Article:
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In a Barren Land: American Indian Dispossession and Survival
PAULA MITCHELL MARKS

In a Barren Land: American Indian Dispossession and Survival by Paula Mitchell Marks
1 reviews (1998) (451p)
Pulitzer Prize for History Finalist

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Book Description
Award-winning historian Paula Mitchell Marks reconfirms her status as one of the foremost contemporary chroniclers of the American West with this often appalling, yet always engrossing, account of American Indian cultures under siege from 1607 to the present. In a dazzling synthesis of the latest research with masterful storytelling, Marks portrays the systematic dispossession of America's original inhabitants over centuries of broken promises and bloody persecutions. Well-known events and personalities -- the Battle of Little Big Horn, the Trail of Tears, Geronimo, to name a few -- are juxtaposed with lesser-known but equally pivotal episodes such as the Navajos' Long Walk, the Snake Indian resistance, and more.


Amazon.com Review
The unfair and often brutal treatment of American Indians is a well-documented saga. Personalities and events such as Chief Joseph, Geronimo, the Trail of Tears, and the massacre at Wounded Knee are now familiar history, even if representative of a radically different era. But conflict still rages, as demonstrated in the legal challenges to Indian claims of limited sovereignty and the controversies caused by the existence of casinos on some reservations. This is complex and detailed history indeed, and Paula Mitchell Marks ambitiously grasps at nearly four centuries of conflict in In a Barren Land, beginning with the first European settlements in America and extending to the courtroom showdowns of the 1990s. As she deftly demonstrates, there has been plenty of heartbreak along the way: devastating diseases; massacres; lies; broken treaties; loss of ancient hunting, fishing, and burial grounds to private development and federal control; and rampant poverty on many reservations. Though Marks writes from the Indian's perspective, she works to avoid a good-versus-evil treatment of relations, explaining, for instance, how Indians were often aggressive and brutal in their attempts to check white migration onto their lands, and how tribes continue to receive large subsidies from the federal government even as they assert greater independence. In retracing their steps as a people, Marks illustrates how contemporary Indians occupy a gray area in U.S. society, wedged somewhere between assimilation and a collective desire for detachment that clearly indicates that there are many chapters yet to be written.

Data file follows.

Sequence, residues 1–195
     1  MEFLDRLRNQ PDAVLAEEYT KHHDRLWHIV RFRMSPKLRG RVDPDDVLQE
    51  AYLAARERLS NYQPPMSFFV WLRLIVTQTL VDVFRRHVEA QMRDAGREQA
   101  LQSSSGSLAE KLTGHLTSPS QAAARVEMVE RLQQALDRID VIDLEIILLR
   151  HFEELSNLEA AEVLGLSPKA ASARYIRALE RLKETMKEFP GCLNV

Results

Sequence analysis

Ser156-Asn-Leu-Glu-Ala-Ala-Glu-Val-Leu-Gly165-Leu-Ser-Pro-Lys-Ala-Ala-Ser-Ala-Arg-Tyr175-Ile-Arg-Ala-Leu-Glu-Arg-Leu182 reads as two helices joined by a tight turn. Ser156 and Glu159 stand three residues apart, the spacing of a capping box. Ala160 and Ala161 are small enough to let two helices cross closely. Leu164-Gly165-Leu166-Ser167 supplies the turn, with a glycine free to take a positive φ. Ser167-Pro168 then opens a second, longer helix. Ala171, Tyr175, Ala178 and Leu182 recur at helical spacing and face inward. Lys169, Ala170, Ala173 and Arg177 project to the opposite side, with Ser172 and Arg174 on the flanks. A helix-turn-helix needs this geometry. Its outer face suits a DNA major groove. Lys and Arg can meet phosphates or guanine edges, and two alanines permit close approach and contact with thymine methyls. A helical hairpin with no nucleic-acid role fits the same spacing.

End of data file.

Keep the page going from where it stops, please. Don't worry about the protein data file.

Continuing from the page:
Paula Mitchell Marks Award Stats
Major Prize* Nominations 1  
Unique Books Nominated for a Major Prize* 1  
Pulitzer Prize Wins 0  
Pulitzer Prize Nominations 1 In a Barren Land: American Indian Dispossession and Survival ·  
National Book Critics Circle Award Wins 0  
National Book Critics Circle Award Nominations 0  
National Book Award Wins 0  
National Book Award Nominations 0  
Man Booker Prize Wins 0  
Man Booker Prize Nominations 0  
PEN/Faulkner Award Wins 0  
PEN/Faulkner Award Nominations 0  

*Major Prize = Pulitzer Prize, National Book Critics Circle Award, National Book Award, Man Booker Prize, and PEN/Faulkner Award

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